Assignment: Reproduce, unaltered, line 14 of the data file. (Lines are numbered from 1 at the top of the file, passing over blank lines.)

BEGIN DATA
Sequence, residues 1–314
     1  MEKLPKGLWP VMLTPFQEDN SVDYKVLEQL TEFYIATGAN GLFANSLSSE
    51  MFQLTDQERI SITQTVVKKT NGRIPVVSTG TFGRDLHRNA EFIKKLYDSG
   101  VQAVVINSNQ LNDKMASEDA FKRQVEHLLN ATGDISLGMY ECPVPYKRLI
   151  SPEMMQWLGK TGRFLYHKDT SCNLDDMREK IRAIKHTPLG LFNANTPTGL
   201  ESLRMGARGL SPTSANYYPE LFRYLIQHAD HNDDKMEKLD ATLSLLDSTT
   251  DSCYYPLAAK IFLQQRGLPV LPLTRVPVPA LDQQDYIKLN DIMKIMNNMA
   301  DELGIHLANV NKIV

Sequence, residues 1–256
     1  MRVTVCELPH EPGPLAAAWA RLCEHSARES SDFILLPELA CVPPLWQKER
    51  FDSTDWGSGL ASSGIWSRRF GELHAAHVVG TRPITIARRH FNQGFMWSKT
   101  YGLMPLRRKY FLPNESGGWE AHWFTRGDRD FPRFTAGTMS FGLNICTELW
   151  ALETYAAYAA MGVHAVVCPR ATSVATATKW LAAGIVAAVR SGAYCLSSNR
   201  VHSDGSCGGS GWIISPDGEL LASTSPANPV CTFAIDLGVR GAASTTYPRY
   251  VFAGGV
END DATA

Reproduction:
   201  VHSDGSCGGS GWIISPDGEL LASTSPANPV CTFAIDLGVR GAASTTYPRY